- Double Arch (0.5 miles): Though tuckered out from Landscape and Double O Arches, the kids caught their second wind at Double Arch. A gentle half-mile stroll led us to the base of this spectacularly intertwined behemoth. We lay humbled beneath Double Arch and watched clouds roll by before climbing out as far as we could along the sandstone ledges. Though you could easily check Double Arch off your list in half an hour, we loved lingering here. Exploring every nook and cranny fostered an intimate sense of connection to the park; the kinesthetic and visceral connections forged here remain strong for the kids to this day. Our youngest still talks with affection about exploring Double Arch with his jeweler’s loupe!
- Delicate Arch (3 miles): Though NPS classifies Delicate Arch as difficult, most families would probably find it more moderate. There is a 200-yard ledge near the end with drop-offs, but not to the degree or sketchiness of Double O Arch. Traversing the rocky terrain is safe and doable for even the youngest of hikers if taken slow. With a 7 am start time on Day 2, trailhead parking was plentiful, and we were able to avoid the previous day’s soaring midday temps. The landscape evoked “John Carter’s” arid slickrock glory, offset only by Utah’s endless blue skies. Long, rocky inclines allowed the kids to choose their own path between cairn markers, making for a memorable experience. Rocky inclines gave way to spiraling rock stairways, eventually yielding to a narrow ridge pathway boasting multiple arch sighting opportunities across the valley (keep your eyes peeled!).
No matter how many times I’d dog-eared that Time Magazine page or read online about how the arch appears right after this ledge, nothing could prepare me for that first glimpse of Delicate Arch. At over 60-feet tall and 40-feet wide, Delicate Arch holds top honor as the park’s largest freestanding arch, but here’s what mere photos and statistics cannot convey: Delicate Arch is huge. And glorious. And fleeting–a temporal blip in a scheme of eons. It dwarfs and humbles you; you can’t help but contemplate time and tide and the transient nature of existence. On your return trek, be sure to take the short spur trail to Wolfe Ranch Cabin to see an early turn-of-the-century ranch building as well as intricate and well-preserved Ute petroglyphs.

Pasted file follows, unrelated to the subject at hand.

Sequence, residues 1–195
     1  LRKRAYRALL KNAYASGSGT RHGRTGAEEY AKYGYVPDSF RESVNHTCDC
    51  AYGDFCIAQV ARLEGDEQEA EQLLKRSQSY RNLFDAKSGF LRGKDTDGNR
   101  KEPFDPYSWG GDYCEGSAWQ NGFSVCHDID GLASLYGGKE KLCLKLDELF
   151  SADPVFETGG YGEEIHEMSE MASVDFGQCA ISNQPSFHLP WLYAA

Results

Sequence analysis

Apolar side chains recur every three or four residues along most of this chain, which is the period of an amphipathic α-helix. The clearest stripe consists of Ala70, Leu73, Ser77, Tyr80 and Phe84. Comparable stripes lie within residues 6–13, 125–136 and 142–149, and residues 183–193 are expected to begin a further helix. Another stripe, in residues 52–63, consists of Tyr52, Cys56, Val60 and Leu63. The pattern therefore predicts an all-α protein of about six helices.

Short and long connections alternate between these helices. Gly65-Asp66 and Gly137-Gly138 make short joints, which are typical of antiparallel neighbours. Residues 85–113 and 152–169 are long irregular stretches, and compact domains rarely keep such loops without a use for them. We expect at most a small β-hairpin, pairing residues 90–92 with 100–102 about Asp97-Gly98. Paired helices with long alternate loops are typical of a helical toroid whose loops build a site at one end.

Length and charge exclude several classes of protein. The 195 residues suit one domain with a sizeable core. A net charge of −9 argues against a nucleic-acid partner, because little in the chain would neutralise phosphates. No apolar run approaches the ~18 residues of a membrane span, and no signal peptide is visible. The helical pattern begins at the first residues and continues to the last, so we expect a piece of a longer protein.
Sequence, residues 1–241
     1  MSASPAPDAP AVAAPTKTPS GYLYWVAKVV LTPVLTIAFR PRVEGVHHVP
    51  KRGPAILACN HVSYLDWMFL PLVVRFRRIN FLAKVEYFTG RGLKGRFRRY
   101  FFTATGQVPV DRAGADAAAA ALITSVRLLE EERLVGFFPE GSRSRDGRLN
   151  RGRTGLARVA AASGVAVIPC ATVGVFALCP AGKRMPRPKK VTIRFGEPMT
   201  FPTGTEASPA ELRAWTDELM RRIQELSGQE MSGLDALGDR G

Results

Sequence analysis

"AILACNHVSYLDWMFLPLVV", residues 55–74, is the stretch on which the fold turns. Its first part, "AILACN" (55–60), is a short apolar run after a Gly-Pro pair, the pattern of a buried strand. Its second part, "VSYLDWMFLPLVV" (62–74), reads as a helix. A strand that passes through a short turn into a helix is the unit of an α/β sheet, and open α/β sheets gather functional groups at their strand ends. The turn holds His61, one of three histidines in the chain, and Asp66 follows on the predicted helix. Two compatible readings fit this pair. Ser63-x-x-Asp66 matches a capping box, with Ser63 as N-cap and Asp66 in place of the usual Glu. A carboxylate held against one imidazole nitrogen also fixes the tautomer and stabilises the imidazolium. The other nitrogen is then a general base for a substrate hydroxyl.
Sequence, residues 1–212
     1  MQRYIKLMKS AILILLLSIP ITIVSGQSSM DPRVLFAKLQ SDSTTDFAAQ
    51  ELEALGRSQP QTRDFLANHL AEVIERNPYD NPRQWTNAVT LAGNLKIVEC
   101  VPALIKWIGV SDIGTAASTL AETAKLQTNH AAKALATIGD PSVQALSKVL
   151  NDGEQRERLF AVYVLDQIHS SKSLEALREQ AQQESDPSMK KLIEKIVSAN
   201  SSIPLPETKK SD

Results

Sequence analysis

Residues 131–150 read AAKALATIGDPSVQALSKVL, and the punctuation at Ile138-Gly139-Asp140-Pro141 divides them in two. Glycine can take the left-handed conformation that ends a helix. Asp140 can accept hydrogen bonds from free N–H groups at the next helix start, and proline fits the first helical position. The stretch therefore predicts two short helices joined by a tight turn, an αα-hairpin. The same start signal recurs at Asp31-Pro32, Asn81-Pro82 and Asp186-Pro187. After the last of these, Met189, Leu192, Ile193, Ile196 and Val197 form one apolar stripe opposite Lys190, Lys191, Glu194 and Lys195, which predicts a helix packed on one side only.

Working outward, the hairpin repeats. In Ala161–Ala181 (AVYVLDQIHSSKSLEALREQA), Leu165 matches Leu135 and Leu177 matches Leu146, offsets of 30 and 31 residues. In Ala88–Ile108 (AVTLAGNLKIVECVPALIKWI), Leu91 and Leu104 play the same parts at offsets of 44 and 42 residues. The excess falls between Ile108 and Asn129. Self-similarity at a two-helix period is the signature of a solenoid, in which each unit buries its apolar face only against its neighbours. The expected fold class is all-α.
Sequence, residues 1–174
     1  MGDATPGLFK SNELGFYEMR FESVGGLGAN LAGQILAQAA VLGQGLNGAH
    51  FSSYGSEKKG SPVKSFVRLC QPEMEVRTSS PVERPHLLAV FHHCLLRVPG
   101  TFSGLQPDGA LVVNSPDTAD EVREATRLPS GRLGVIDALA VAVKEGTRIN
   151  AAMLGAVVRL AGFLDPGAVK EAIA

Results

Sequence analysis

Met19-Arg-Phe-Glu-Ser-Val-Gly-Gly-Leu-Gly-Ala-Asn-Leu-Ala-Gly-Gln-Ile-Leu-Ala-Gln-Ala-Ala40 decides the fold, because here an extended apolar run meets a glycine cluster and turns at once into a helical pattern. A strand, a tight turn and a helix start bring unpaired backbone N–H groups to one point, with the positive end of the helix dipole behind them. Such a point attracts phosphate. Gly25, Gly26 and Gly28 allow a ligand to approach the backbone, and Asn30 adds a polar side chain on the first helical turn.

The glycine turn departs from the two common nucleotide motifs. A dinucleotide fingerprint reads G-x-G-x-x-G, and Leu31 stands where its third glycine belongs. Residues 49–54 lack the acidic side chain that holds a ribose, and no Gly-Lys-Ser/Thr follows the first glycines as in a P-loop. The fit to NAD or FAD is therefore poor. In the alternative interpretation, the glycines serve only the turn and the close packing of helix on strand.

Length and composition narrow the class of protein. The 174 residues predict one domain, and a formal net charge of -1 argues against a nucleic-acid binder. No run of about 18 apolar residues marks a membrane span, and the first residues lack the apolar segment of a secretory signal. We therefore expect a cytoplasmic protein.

- Balanced Rock Loop (0.3 miles): More gentle stroll than hike, kids and adults alike will enjoy walking the circumference of this gravity-defying icon. Studying Balanced Rock from multiple angles gave us a true appreciation for its precarious size and structure. Stay tuned for hikes #6 and #7 and whitewater rafting at Fisher Towers in Arches, Part II!
It’s hard to articulate just how much that little 50 cent book from the book sale changed our lives. In the years since, we’ve visited 21 National Parks and hope to visit 12 more by summer’s end. What began with a dog-eared photo and a promise has evolved to become the thread running through the fabric of our family history. The Parks are a hundred stories of bonding in the rain on the Olympic coast and trout-fishing on Yellowstone Lake and marveling over bighorn sheep on Iceberg Lake Trail. They’re stolen moments of holding hands through a Yosemite meadow and jumping at the top of the world in Mesa Verde. They’re three kids who consistently rank Park Ranger at the top of the ever-evolving list of what they’d like to be when they grow up. In no small way, the Parks have changed the way we see ourselves and the world. We are addicted!